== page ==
Time Compressed Speech

Dr. Frank Musiek
June 7, 2017

Herbert Jay Gould, Ph.D.
School of Communication Sciences and Disorders, The University of Memphis


Compressed speech has been studied since the early 1950s (Garvey 1953) and has been suggested as a tool for the diagnosis of APD since at least 1977 (Beasley and Freeman 1977).
The general consensus is that abnormal performance on compressed speech material reflects a deficit in the contralateral hemisphere(Keith 2002). Time compressed speech has been used by a number of individuals as part of the central test battery and has been recommended as part of the test battery by ASHA (ASHA Task Force on Central Auditory Processing Consensus Development 1996). It was not part of the recommended battery in a more recent consensus conference (Jerger and Musiek 2000). However, that conference recommended temporal functions be assessed and at least one author has interpreted this to possibly include compressed speech (Keith 2002). In order to understand what compressed speech indicates about the auditory system it is important to understand the methods that have been used for compressing speech.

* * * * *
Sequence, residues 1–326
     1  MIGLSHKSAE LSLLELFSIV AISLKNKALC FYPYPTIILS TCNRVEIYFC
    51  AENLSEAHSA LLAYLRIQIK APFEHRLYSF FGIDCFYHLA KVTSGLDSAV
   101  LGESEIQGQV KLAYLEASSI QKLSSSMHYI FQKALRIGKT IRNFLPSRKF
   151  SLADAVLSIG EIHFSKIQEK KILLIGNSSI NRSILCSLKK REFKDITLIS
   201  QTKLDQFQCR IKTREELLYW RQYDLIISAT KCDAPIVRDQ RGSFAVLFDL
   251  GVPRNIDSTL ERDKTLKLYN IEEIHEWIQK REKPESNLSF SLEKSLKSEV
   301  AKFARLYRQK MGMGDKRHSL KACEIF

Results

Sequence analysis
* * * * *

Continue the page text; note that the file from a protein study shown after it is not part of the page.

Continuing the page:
Compressed speech that is not altered in frequency is created by removing short durations of the signal and splicing the remaining parts together. A 60% compressed signal would therefore have 60% of the original signal removed (Fairbanks, Everitt et al. 1954). The unit of time removed will affect the intelligibility and typically intervals between .01 and .08 seconds are discarded. Intervals longer than .16 seconds can remove phonemes and result in lower intelligibility (Fairbanks and Kodman 1957; Lee 1972).

A method of visualizing time compression is illustrated by a string of characters A1,A2,A3,A4,B1,B2,B3,B4,C1,C2,C3,C4. Each letter in the string represents a syllable and each number within the string represents a sub-portion of the acoustic signal of the syllable.
If sections A3, B3 and C3 are removed, 25% of the signal will be missing, but will have left gaps were these sections are removed. This would be similar to the study by Millerand Licklider (Miller and Licklider 1950). Attaching the A, B or C4 sections to the respective end of the A, B or C 2 sections to remove the gap results in a time-compressed signal. The resulting overall signal is shorter; however, the remaining portions are acoustically intact and unchanged.